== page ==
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War and Pacifica
December 5, 2005 3:32 PM   Subscribe

Tomorrow for the 35th anniversary of WBAI's four and a half day radio reading of Tolstoy's War and Peace, the amazing Pacifica Radio Archives will host a 18 hour fundraiser on the Pacifica Foundation Network. (KPFK, KPFT, WPFK, and the first listener supported radio station in America, KPFA.) A hour long speical on the War and Peace broadcast will be featured on Democracy Now! Tune in for a slice of history.
posted by wheelieman (9 comments total)

 
Offical site here
posted by wheelieman at 3:43 PM on December 5, 2005


War and Peace is my favorite novel of all time.
posted by Ethereal Bligh at 6:15 PM on December 5, 2005


I remember when I was little I checked out War and Peace from the library just to show my dad I read real biooks, he just laughed. It was a heavy volume too.
posted by wheelieman at 6:20 PM on December 5, 2005


I'll always be grateful that I grew up within the listening radius of WBAI. I especially loved it when they re-played anti-Communist radio dramas from the 40s -- but just about everything they put on the air was startlingly different from everything else in the New York market. 'BAI is one of the reasons I'm a radio junkie today.
posted by Miko at 7:11 PM on December 5, 2005


W&P is often called the "greatest novel", usually in relation to its length, number of characters, epic scope, etc.. but it was written at a time when it was thought that literary "realism" (as defined by Balzac in the 1830s) could not only tell history, it could tell history better than any other medium. Tolstoy set out not just to write a good yarn, but to write history as it really was. Historical fiction was thought, during a brief golden time, to be better than history books and prime sources. Of course this vision has faded with time... the historical novel with 500+ characters and 1000+ pages, by the 1930s, had exhausted its self.. it's just a niche genre today and we look back at those early monumental efforts by the great writers of the 19th century who defined and created something new. But there are some really really good historical fiction novels that have been written since, W&P remains a popular favourite.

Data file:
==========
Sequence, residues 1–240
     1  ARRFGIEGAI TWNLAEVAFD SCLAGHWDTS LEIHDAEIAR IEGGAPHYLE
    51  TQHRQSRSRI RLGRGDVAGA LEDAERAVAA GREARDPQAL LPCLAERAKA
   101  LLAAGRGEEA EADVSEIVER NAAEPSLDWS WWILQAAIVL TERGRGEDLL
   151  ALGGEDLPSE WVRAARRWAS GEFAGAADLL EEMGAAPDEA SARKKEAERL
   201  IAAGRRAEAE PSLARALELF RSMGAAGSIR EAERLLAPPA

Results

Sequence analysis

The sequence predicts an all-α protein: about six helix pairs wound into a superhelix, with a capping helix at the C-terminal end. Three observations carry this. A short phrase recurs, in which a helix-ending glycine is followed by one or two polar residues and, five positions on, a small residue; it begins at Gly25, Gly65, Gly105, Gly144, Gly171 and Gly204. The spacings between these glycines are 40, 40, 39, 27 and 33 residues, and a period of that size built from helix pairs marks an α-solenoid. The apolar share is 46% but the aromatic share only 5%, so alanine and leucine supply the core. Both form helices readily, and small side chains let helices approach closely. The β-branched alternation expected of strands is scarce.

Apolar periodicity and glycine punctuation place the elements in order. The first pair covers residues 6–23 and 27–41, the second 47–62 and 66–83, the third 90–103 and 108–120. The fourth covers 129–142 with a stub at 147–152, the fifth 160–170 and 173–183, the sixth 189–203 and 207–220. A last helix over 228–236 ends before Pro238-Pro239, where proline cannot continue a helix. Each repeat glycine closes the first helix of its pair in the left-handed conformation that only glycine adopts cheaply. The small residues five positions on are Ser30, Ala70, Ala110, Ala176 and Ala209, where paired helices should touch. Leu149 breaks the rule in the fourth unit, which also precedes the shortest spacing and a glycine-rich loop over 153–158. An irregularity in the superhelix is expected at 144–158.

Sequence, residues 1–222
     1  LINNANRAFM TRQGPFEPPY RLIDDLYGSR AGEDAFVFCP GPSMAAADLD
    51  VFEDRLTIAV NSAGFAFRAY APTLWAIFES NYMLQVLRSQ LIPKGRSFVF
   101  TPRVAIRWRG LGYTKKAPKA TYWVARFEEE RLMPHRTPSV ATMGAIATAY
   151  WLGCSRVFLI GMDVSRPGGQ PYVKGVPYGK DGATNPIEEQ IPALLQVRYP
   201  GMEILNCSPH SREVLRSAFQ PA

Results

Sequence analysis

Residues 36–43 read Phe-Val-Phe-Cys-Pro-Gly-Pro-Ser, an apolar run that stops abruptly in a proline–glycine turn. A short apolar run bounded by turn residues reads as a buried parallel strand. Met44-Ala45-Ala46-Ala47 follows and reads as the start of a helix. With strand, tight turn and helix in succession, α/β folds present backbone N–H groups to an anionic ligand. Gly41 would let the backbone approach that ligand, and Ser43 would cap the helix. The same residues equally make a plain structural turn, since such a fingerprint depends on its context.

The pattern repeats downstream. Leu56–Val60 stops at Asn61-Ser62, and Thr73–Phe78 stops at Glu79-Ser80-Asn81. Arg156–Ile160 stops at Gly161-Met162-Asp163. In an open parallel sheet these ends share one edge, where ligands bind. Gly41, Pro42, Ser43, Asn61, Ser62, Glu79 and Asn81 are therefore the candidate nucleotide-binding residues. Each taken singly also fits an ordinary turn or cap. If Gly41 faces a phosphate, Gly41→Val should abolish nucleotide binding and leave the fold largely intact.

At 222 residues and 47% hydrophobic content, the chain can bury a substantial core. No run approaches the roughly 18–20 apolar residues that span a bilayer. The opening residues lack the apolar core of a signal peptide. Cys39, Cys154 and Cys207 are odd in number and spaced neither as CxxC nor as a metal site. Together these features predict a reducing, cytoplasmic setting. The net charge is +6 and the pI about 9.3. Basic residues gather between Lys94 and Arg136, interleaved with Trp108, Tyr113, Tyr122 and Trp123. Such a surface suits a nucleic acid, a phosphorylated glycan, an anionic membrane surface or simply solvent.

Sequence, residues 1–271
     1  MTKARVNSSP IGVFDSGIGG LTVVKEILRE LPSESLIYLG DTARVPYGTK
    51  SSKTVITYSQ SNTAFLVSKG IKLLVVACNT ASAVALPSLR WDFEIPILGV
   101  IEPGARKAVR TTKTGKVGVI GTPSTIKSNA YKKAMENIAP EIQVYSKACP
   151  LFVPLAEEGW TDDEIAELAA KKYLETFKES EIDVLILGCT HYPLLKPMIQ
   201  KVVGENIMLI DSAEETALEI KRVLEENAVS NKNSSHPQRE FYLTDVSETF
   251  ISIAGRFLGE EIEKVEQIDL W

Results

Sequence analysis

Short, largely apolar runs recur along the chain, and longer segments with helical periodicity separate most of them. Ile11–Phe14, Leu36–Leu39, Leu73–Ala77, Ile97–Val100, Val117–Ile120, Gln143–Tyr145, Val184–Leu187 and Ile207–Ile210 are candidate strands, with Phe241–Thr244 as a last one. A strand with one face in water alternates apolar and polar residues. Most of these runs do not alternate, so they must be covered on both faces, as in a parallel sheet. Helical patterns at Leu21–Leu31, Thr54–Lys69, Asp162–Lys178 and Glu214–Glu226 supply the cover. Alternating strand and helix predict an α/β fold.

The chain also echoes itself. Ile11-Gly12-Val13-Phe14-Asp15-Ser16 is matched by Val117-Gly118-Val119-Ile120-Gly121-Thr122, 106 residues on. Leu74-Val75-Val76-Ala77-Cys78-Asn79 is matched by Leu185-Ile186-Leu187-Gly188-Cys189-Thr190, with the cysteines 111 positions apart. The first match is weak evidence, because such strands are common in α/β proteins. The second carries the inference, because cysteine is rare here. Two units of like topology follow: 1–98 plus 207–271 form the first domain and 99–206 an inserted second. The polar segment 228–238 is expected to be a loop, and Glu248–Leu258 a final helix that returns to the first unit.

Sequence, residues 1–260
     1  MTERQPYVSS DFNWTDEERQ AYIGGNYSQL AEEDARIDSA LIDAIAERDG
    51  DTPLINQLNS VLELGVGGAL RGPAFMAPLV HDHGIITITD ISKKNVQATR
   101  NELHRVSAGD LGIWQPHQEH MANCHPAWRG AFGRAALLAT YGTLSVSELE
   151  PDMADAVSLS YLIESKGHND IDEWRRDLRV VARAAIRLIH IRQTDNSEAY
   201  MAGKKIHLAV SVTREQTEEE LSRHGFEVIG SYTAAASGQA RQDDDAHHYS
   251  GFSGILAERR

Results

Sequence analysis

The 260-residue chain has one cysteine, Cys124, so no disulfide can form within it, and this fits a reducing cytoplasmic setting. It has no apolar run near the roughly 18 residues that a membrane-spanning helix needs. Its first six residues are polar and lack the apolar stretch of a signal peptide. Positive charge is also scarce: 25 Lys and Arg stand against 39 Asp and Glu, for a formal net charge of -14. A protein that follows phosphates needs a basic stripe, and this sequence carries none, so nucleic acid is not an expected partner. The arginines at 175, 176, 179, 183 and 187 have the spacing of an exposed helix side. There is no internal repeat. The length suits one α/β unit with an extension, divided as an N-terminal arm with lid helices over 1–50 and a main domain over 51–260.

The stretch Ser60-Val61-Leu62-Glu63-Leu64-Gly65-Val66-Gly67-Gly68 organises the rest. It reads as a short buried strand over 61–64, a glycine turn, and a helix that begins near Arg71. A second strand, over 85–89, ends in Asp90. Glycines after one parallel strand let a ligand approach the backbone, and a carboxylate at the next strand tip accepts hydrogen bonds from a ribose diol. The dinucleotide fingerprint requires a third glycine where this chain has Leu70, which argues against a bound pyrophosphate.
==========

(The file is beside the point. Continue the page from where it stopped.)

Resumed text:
posted by stbalbach at 8:03 PM on December 5, 2005


I think it's the "greatest" novel because it's the greatest novel. Not merely because it's long or has a huge scope. It seems very strange to me that you're implicitly devaluing this book by making it a genre novel. Weird.

And for those who haven't read it: don't let stbalbach's comment make you think this book is less that it is. It does have enormous scope and is extremely ambitious; but the one thing that, for me, makes it definitely great is the characterization. In few other novel have I found characters as fully realized. And I mean "realized" in the sense that these characters seem uncannily like real people to me. In my opinion, the reason they seem so real is because Tosltoy lets them grow and change as real people; he also lets them behave in odd and sometimes unpredictable ways, also as real people do. It was only after I read War and Peace that I started thinking that so many characters in fiction are far too abstracted, too symbolic, they're an idea the writer has. I've only read War and Peace once—I started it a second time a few years ago and for some reason didn't get very far. The second time, too, I think it takes about 200 pages before the reader feels comfortable. Up to that point, it seems like a very big book. Too big. After that point, it just flies.

Anyway, after reading it the first time, and still today, I believe that if I met Pierre on the street we'd sit down at a cafe and we'd have plenty to talk about. He's someone I want to know personally, even though I know him intimately from reading the book.